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Bali’s Credibility As A Tourism Destination Questioned As Leaders Propose Tax Increases

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Indonesia’s Minister for Tourism and Creative Economies has spoken to the press amidst plans to increase the Bali Tourism Tax Levy by over 500%.

Political leaders in Bali are calling for the newly introduced tourism tax to be increased to USD 50 per person, but Minister Uno feels the island’s credibility would hang in the balance.

Tourists Do Melukat At Tirta Empul Temple in Bali.jpg

Minister Sandiaga Uno told reporters that increasing the Bali Tourism Tax Levy from USD 10 (IDR 150,000) to USD 50 would risk the destination’s credibility in the eyes of international holidaymakers and travelers. 

Speaking to the press, Minister Uno explained, “If we keep changing our policies, Indonesia’s level of credibility in the eyes of stakeholders and the world will be questioned.”

He continued, “We must be able to convince tourists that by paying US$ 10, traveling in Bali and Indonesia as a whole provides a safe, comfortable, enjoyable, clean experience, and culture-based tourism is maintained. That is our first task before we tamper with existing policies. Not yet six months old, still very new.”

Minister Uno added, “And after this study can be made and confirmed, please allow the next government to make a policy. But I need to remind you that our current tourism position has reached the top 20 in the world, it is considered quality and sustainable tourism. Don’t let this increase in our tourism actually have a negative impact.”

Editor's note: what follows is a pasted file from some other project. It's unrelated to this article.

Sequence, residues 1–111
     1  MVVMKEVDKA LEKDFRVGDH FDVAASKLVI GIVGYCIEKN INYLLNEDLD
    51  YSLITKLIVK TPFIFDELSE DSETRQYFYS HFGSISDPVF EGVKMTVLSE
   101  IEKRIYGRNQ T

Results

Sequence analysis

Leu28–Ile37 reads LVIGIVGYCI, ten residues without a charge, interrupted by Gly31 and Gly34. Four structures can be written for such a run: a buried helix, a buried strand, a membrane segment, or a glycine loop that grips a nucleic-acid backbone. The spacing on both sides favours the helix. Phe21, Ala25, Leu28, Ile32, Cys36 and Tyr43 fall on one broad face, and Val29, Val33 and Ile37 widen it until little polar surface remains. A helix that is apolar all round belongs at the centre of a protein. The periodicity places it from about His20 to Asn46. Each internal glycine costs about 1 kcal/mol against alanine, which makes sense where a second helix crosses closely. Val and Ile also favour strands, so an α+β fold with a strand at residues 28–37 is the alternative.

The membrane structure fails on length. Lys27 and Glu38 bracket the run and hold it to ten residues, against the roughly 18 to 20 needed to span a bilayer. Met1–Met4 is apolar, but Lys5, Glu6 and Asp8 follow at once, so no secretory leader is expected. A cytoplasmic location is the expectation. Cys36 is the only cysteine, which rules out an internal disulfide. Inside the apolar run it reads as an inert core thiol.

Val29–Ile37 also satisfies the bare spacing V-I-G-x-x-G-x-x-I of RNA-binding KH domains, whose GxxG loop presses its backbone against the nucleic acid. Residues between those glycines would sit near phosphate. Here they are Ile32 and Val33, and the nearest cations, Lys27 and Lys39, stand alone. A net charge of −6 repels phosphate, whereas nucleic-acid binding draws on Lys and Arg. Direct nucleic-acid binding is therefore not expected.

Minister Uno’s comments come as a response to local policies Chairman of Commission II of the Bali Province DPRD, IGK Kresna Budi’s, calls for the Bali Tourism Tax Levy to be increased by over 500% as soon as possible to help attract tourists who, in his opinion, are of high quality. 

Doubling down on his statements issued last week, Budi told reporters, “We want to increase it by USD 50. So, we can use the necessities. Why is Bali being sold cheaply? If we go to England, we will get a visa of IDR 5.7 million.”

In his initial statements issued on Wednesday, 19th June, Budi explained that “we wanted to improve the regional levy regulation so that the quality of tourists who go to Bali could have better ethics. That doesn’t mean they’re not good, yes or no.”

“This means that there will be supervision, and we will support it, which is called the tourism police. The budget will be more for tourism support, too. And for tourists too if something happens in Bali.”


He noted how tourists acting disrespectfully or engaging in illegal activities in Bali affects tourists, the authorities and the Bali community at large.

Budi said, “Sometimes there are officers who may have something in the household that can get carried away when dealing with tourists. However, our hope is that we remain a community that, if seen by the world, is a community that is polite to guests and maintained.”


Budi believes that simply increasing the price of the Bali Tourism Tax Levy will be a notable deterrent to foreigners who wish to behave badly on the island.

However, many Bali lovers and tourism stakeholders have been quick to note that there is not necessarily a direct cause and effect between the budgets of tourists and their behavior.

Low-budget tourists are not inherently distressful and unlawful in their ways, just as high-budget tourists aren’t inherently well-behaved or respectful either.